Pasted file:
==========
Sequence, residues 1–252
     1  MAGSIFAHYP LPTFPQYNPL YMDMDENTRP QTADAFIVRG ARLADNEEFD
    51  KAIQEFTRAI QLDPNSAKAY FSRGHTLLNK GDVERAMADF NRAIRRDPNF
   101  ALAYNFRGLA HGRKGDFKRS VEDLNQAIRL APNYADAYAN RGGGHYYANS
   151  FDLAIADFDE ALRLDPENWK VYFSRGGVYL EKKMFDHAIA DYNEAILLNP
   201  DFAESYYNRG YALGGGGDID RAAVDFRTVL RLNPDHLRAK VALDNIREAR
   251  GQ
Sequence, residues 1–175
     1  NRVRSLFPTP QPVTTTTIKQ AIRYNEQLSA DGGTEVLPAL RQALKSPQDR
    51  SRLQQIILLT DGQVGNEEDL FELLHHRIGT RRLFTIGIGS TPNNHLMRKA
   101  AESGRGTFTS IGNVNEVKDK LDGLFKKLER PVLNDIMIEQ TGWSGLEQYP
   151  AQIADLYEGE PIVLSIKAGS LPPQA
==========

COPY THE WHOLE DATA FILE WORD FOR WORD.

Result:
Sequence, residues 1–252
     1  MAGSIFAHYP LPTFPQYNPL YMDMDENTRP QTADAFIVRG ARLADNEEFD
    51  KAIQEFTRAI QLDPNSAKAY FSRGHTLLNK GDVERAMADF NRAIRRDPNF
   101  ALAYNFRGLA HGRKGDFKRS VEDLNQAIRL APNYADAYAN RGGGHYYANS
   151  FDLAIADFDE ALRLDPENWK VYFSRGGVYL EKKMFDHAIA DYNEAILLNP
   201  DFAESYYNRG YALGGGGDID RAAVDFRTVL RLNPDHLRAK VALDNIREAR
   251  GQ
Sequence, residues 1–175
     1  NRVRSLFPTP QPVTTTTIKQ AIRYNEQLSA DGGTEVLPAL RQALKSPQDR
    51  SRLQQIILLT DGQVGNEEDL FELLHHRIGT RRLFTIGIGS TPNNHLMRKA
   101  AESGRGTFTS IGNVNEVKDK LDGLFKKLER PVLNDIMIEQ TGWSGLEQYP
   151  AQIADLYEGE PIVLSIKAGS LPPQA